You create application views using the Application Integration Design Console, which is described in Application Integration Design Console. For detailed information about application views, see Defining an Application View in Using the Application Integration Design Console at the following URL:
You can use application views from a business process (JPD), web service (JWS), or from BEA Liquid Data. You can also write custom code to access an application view. For more information, see Using Application Views by Writing Custom Code in Using the Application Integration Design Console at the following URL:
In an EAI scenario, it is much easier and more efficient to use one common data format to integrate every EIS with WebLogic Server than it is to use a variety of custom, proprietary data formats to integrate each EIS with every other EIS. When a common data format is used, all applications communicate using a standard language. WebLogic Integration uses XML, the increasingly popular data interchange format, as its common data format.
Because an adapter translates an application's data format using XML, business analysts do not need to understand that format themselves. If you are a business analyst and you want to use an adapter, you need to know only how to define and use application views. Best of all, because all adapters use a similar Web-based interface for defining application views, it is easy to learn to use current and future adapters. Thus XML simplifies the use of EAI for developers and business analysts alike.
The application view, via an underlying adapter, supports events and services for a particular business use. Events enable messages generated by an application to be managed following a publish and subscribe model. Services are business functions that may be invoked by a user. Service invocations cause messages to be sent to an application following a request/response model. Events, service requests, and service responses are all passed through the system as XML documents.
Each application view uses an XML schema as metadata: that is, as information about the XML information for events, service requests, and service responses. This metadata helps users understand the data requirements of any application view event or service.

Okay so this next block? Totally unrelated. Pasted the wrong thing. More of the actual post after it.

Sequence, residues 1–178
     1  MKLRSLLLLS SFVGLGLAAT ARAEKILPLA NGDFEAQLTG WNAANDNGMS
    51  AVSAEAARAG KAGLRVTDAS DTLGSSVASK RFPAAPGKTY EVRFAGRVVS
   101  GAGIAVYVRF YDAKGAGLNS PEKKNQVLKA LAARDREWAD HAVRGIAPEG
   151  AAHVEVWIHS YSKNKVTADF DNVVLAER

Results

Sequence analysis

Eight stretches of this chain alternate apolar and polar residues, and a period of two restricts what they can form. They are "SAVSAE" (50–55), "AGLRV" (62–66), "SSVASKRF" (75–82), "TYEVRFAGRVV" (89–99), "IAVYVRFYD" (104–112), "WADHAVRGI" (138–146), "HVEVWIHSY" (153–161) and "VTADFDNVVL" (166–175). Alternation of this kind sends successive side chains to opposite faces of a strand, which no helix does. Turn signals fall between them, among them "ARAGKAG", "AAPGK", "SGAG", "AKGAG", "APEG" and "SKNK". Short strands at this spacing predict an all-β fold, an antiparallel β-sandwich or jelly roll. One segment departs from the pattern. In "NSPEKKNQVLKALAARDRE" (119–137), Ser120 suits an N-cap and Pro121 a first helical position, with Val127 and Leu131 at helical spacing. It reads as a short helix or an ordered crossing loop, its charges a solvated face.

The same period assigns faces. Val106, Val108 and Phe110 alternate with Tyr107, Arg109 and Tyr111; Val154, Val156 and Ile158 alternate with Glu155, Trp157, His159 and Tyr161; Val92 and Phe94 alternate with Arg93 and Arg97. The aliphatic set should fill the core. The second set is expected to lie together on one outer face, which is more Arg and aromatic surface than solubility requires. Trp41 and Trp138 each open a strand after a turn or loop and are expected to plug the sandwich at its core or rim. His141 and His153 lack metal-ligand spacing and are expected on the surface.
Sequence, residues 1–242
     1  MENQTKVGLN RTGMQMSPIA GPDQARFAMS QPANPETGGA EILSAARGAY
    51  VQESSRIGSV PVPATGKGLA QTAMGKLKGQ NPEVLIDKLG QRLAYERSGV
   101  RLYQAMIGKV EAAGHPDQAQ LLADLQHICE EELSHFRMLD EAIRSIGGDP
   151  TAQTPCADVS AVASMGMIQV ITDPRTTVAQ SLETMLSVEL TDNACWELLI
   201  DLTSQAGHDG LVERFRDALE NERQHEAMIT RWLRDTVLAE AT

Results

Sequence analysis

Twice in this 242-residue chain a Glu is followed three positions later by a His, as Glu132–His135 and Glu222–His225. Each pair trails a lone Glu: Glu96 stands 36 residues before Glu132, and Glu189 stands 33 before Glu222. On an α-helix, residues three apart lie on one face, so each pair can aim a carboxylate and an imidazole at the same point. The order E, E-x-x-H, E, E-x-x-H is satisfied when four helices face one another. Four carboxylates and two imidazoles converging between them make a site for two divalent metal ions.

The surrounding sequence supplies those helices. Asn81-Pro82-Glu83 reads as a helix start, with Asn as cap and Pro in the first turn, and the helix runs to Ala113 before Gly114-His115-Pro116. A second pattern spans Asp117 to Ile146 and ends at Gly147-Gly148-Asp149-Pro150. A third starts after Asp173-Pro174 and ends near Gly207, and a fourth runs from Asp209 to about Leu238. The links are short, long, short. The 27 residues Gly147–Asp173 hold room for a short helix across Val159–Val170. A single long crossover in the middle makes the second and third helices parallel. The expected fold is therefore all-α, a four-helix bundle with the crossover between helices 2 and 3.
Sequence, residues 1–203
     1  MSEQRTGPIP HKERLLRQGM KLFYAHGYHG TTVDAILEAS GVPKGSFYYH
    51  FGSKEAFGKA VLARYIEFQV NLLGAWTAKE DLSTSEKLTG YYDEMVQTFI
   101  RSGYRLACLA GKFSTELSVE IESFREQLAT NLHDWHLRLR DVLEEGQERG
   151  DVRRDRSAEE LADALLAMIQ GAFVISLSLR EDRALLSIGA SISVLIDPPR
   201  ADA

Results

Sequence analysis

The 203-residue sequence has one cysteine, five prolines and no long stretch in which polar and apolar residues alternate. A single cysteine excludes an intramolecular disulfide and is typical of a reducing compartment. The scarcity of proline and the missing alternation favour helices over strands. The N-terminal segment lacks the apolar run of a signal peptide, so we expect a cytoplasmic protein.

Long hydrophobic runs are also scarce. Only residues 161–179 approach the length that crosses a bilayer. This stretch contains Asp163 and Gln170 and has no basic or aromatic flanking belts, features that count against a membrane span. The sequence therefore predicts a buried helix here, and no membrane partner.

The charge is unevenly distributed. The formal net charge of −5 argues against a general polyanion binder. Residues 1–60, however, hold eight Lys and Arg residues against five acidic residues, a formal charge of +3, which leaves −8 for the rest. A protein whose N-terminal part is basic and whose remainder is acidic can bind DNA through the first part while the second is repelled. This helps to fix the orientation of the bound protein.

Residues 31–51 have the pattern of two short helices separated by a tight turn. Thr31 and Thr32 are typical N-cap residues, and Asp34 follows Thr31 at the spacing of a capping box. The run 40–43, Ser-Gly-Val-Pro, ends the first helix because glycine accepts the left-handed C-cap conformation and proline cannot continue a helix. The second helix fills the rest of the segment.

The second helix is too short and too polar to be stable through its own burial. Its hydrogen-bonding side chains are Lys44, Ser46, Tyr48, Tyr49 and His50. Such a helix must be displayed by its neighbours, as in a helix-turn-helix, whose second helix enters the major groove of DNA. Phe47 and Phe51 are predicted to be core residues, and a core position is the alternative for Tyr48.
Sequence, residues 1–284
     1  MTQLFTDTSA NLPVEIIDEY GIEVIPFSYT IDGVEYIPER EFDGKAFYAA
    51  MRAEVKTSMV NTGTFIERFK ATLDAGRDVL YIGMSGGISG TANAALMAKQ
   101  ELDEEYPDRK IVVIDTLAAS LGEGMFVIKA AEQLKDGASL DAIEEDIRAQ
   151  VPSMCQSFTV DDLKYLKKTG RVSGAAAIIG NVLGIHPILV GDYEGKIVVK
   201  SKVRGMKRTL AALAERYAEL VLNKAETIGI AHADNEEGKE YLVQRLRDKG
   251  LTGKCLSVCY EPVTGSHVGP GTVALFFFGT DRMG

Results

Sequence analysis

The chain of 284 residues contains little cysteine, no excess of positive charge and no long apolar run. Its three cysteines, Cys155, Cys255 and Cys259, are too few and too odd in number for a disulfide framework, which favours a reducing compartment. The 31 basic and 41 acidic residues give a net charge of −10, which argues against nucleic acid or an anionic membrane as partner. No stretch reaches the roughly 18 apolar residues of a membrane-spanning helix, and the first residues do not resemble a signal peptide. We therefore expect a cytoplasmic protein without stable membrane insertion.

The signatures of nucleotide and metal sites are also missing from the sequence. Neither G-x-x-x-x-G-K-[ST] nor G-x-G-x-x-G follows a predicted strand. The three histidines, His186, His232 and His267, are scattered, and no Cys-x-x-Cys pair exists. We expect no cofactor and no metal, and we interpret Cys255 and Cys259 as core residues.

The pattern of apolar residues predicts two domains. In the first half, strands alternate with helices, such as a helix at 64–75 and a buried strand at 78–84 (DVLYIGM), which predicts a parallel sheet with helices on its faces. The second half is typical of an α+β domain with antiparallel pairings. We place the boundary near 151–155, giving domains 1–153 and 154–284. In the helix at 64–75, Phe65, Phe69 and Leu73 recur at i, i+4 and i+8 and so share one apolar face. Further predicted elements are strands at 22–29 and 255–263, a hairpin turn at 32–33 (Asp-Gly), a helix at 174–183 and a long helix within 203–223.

Currently, the J2EE Connector Architecture Specification version 1.0 does not provide guidelines governing how an EIS initiates communication with an application server or client. WebLogic Integration provides this communication capability via events.
Business processes, web services, and portals all access EIS data via the Application View Control, a Workshop control that provides access to an application view and, therefore, to the services defined for the associated EIS. The Application View control allows a business process engineer to browse the hierarchy of application views and to invoke a service as a business process action.
Synchronous services are represented as simple methods with a single parameter and a non-void return value. For an illustration of synchronous services, see Processing Synchronous Service Invocations. Asynchronous services are represented as both a method with a single parameter (the request), and a callback method with a single parameter (the response). For an illustration of asynchronous services, see Processing Asynchronous Service Invocations.
In addition, see Using Applications With Business Processes in Using the Application Integration Design Console at the following URL:
Any Java application that uses the Application View client API (in
Adapters deliver events using the WebLogic Integration Message Broker, which provides business processes with a channels-based publish and subscribe communication mechanism. For an illustration, see Processing Event Notifications at Run Time. The following table describes common consumers of events from an EIS.